Report lays out environmental impact reduction strategies for shipping

25 July 2013 (Last Updated July 25th, 2013 18:30)

Shipping can cutdown its impact on the environment through the adoption of new propulsion technologies, according to a new report by the UK's Royal Academy of Engineering.

Viking Lady vessel

Shipping can cut down its impact on the environment through the adoption of new propulsion technologies, according to a new report by the UK’s Royal Academy of Engineering.

However, the report found that no single solution would comply with the requirements of all vessels and suggested adapting current technologies while carrying out research to develop new systems specific to maritime propulsion.

According to the report, options including liquefied natural gas (LNG) bunkers, battery power, alternative fuels and nuclear power could help improve fuel efficiency and environmental sustainability.

City University London Marine Engineering professor John Carlton said there was no single winner in terms of technology in the medium to long term, with the operational issues being an important contributor to power choices.

"We know that larger ships are more carbon-efficient than smaller ships and that slower ship speeds effectively reduce emissions," Carlton said. "But fitting smaller engines in large ships may increase the risk of being under-powered in bad weather.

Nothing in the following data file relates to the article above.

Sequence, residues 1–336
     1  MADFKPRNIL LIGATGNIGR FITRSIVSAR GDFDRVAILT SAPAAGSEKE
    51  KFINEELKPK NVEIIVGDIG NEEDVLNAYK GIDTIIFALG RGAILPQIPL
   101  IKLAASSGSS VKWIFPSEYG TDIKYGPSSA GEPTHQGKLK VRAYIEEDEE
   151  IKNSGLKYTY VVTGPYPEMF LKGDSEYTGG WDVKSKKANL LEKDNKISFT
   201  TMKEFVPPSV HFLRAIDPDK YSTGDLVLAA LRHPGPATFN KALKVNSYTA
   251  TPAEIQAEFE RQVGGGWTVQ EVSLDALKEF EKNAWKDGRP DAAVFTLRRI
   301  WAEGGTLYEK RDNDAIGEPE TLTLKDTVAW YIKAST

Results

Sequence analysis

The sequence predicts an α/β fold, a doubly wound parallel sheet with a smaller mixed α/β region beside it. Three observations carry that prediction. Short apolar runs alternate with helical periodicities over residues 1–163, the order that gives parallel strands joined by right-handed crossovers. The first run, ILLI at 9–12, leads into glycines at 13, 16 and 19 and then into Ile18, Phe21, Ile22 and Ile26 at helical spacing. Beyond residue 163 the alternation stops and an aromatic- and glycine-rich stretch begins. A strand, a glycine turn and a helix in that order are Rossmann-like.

"Often there is significant benefit in simple operational measures: good seamanship in steering around bad weather for instance, or good housekeeping in minimising on-board energy consumption," Carlton added.

In the short-term, LNG will likely facilitate adoption as the shipping industry is aware of its standards and technical specifications despite the challenges of building LNG infrastructure, while wind and solar energy could act as appropriate auxiliary power sources.

In the medium and long-term, the shipping industry has to adapt the latest technologies, including biofuels and synthetic fuels, while developing other technologies like fuel cells, batteries and nuclear reactors, the report found.

Researchers also consider hydrogen as an option for marine propulsion, though it involves significant infrastructure and technology issues to overcome.

Image: Eidesvik’s Viking Lady has been equipped with a lithium-ion battery pack as part of the FellowSHIP III project, making it the world’s largest fully electric ferry. Photo: Eidesvik.